STAIRCASES AND SLIPPERY FLOORS

The people and other dogs in your old pal’s life are only one aspect of his environment that may need adjusting, or at least special consideration. There’s also the lay of the land. Can the dog who has slept in your bed every night for a decade still climb the stairs to make it to your bedroom? If he can, is the mattress too high for him to jump on once he gets there?

What about your highly polished wood floors, with four coats of polyurethane making them even shinier? Is the dog still steady enough on his feet to be able to make it from one end of such a slick surface to another?

Stair Cares

The biggest physical obstacle in the house for many older dogs is the staircase. If your dog is a toy poodle or dachshund, it’s a nonissue. You just swoop him up and take him where he wants to go. But a lot of dogs, particularly large dogs that are difficult if not impossible to carry, are prone to arthritis born of hip dysplasia, elbow problems, and other orthopedic afflictions, and simply can no longer get up the stairs on their own when they are older. What do you do?

We know one owner of a sixty-five-pound dog who carried his pal up to bed every night and back down again every morning for the last two years of the dog’s sixteen-year life. Skittish and somewhat mournful, the dog had never slept outside of her owners’ bedroom before, and fortunately, the husband had enough strength to do what it took to get her there.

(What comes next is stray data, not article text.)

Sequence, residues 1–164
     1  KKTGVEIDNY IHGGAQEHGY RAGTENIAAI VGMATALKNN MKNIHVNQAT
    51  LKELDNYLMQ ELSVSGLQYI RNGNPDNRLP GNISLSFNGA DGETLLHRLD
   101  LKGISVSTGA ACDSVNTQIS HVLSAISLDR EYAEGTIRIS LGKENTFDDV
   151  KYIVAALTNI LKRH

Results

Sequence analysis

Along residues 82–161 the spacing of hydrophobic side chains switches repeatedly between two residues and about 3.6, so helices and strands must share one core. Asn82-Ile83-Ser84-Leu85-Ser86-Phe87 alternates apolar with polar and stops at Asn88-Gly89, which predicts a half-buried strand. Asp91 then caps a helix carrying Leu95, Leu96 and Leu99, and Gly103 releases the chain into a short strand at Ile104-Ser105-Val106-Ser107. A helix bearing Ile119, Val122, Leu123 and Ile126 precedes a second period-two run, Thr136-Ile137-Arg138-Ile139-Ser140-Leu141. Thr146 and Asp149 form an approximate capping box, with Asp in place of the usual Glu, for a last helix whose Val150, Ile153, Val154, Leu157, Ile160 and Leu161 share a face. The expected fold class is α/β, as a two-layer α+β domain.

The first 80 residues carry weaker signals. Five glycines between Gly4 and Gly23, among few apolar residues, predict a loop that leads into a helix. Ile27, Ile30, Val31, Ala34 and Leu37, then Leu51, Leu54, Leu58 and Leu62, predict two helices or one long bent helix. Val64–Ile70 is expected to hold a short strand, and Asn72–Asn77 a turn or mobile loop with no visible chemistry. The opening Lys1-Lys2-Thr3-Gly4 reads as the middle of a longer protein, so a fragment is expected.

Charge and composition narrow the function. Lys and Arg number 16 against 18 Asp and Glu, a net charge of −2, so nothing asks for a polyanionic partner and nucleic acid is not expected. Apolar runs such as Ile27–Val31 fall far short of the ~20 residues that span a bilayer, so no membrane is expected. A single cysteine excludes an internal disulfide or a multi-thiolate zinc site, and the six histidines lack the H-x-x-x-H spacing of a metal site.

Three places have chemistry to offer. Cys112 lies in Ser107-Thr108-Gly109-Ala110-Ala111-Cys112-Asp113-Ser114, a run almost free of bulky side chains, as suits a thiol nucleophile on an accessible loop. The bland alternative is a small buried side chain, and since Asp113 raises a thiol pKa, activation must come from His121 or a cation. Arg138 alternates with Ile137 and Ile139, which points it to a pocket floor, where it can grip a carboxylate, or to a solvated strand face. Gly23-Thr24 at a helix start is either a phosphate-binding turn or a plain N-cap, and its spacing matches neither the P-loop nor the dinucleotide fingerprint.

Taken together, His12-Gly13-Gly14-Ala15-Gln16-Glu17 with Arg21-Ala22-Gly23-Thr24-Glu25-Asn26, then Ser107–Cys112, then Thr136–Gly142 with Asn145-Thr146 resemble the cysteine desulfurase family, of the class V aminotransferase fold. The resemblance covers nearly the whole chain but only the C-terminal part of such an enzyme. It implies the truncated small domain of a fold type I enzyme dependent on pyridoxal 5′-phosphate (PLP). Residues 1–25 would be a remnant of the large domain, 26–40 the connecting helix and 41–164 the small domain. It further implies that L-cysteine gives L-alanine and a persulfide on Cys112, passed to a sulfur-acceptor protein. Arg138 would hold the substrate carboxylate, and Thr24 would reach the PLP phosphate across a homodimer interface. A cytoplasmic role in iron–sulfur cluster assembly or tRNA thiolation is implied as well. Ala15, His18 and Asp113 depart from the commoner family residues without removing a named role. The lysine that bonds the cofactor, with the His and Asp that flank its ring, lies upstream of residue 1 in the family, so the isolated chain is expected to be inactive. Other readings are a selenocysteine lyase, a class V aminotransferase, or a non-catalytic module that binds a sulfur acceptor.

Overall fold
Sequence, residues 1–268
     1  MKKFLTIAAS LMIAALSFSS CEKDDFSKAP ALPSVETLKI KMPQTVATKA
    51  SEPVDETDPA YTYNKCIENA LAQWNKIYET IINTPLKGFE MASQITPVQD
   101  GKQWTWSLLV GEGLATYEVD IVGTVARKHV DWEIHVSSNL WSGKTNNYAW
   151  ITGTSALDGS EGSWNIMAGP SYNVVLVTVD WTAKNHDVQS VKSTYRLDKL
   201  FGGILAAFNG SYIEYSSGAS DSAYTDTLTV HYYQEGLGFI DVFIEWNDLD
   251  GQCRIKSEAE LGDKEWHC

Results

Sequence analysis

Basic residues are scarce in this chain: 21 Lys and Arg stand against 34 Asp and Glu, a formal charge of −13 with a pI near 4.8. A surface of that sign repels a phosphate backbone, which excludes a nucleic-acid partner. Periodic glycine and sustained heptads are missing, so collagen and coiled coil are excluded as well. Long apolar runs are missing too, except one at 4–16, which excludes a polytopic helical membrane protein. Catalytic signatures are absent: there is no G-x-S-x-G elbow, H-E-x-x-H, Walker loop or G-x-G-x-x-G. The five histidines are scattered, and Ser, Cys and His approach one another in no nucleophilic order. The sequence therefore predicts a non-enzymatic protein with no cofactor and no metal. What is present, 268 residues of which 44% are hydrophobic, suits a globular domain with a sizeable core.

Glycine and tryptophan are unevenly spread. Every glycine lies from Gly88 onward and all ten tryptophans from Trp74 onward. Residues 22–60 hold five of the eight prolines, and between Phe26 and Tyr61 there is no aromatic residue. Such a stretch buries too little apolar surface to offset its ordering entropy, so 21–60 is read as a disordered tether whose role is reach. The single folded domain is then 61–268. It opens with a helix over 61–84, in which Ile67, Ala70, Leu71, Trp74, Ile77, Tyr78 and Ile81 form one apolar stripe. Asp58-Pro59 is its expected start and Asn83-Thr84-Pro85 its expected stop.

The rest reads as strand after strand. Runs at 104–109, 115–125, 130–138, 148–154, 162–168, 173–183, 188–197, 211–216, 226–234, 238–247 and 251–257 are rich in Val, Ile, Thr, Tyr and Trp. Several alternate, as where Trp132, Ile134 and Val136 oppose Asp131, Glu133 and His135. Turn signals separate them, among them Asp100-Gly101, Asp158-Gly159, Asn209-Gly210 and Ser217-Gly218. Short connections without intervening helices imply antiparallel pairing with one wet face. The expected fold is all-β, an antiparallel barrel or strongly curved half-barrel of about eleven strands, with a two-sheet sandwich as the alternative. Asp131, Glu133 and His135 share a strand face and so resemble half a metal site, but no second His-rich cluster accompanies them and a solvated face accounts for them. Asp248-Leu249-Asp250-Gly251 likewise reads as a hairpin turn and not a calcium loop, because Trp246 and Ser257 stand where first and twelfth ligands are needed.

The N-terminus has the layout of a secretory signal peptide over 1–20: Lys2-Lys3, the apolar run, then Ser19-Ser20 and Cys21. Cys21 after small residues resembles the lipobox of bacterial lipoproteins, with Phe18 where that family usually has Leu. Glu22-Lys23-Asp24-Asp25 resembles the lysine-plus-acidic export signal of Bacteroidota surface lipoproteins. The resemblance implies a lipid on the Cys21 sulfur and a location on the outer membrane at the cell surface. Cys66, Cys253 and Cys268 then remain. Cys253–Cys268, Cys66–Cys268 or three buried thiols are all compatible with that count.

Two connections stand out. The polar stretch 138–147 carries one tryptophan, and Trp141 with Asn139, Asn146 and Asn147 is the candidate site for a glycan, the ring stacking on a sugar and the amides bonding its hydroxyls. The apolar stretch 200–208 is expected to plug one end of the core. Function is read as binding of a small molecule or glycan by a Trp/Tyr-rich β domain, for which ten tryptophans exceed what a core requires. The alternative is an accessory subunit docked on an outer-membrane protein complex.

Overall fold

If carrying the dog is out of the question, you can try using a sling underneath his belly and back legs as an extra support while he climbs up or down. A towel will work as a sling, or you can buy a dog sling. Admittedly, this works better for the two or three stairs leading from the deck to the backyard than for the staircase leading from the first floor to the second. For a dog who’s game, however, it’s worth a try.

Keep in mind that a sling will work only if the dog still has some strength and ability. If he can barely use his legs at all and he’s too big too carry, you may need a ramp to get him outside from the kitchen or front door (there’s usually at least one step). It doesn’t have to be fancy. A couple of two-by-fours and some plywood should do it.

For getting in and out of the car, you can buy a car ramp rather than fashion one.

That might come in especially handy if you have an SUV or some other vehicle with doors higher off the ground than those of a standard sedan. Little ramps or small sets of movable stairs will also help a smaller dog make his way up to your bed from the floor.

At night, an essentially immobile dog who’s too heavy to carry will have to stay downstairs. Make sure he has a soft, comfy dog bed to cushion his aching joints.